‘They are pearls,’ said the Admiral, after examination. He took one of the red woolen caps from Alonso Perez and offered it to her with a gesture of exchanging it for the necklace. She did not understand. He jingled a hawk’s-bell, and reached for the necklace again. Suddenly her expression changed to one of comprehension, and with two swift movements she uncoiled the necklace from her neck and thrust it, a great double handful, into his hands. Her puzzled look as he proffered the cap in exchange revealed that she had intended the necklace as a gift.

‘It is the same as in Española,’ said the Admiral. ‘The heathen have no notion of barter. They think that because a stranger wants a thing that is sufficient reason for giving it.’

The surging Spaniards round laughed at such folly.

‘She does not know what that cap is for, either, Your Excellency,’ remarked someone in the background.

‘True,’ said the Admiral.

At his order Perez took off his helmet and the Admiral perched the cap on top of his mass of hair, stood back with a gesture of admiration, look the cap again and put it on the head of the trembling woman. The other Indians chattered at the sight, teeth flashing in smiles.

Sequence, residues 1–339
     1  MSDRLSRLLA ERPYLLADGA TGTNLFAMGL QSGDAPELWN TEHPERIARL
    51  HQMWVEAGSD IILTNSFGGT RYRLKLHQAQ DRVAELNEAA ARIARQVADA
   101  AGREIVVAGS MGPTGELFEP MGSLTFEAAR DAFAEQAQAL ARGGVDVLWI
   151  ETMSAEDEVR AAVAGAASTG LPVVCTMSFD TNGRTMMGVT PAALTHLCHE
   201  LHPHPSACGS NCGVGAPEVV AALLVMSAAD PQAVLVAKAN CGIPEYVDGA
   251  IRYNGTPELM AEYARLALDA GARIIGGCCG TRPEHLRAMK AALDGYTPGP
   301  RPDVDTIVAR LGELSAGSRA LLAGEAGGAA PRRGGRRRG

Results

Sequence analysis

‘And look at this, Your Excellency. Look!’ said a Spaniard, loudly.

One of the Indian men had something hanging on a string round his neck, a little fleck of something with a yellow glint. It was a tiny fragment of gold, smaller than half a castellano, but gold all the same. Rich heard the quick intake of breath all round the ring. Gold! The Admiral strode up, his expression so hard and fierce that the Indian raised his arm to ward off a blow.

‘Where did you get this?’ demanded the Admiral.

The Indian still cowered away, and the Admiral, with an obvious effort at self-control, changed his tone.

‘Send for Alamo from the Santa Ana,’ he said, aside, and then, turning back to the Indian, he smiled winningly. He raised his eyebrows in an obvious question, pointed to the bit of gold, and then away to the island. The Indian thought for a moment, and pointed westward. There was a general murmur from the crowd — there was gold in the west.

‘Much?’ asked the Admiral, making a gesture with widespread arms. ‘Much?’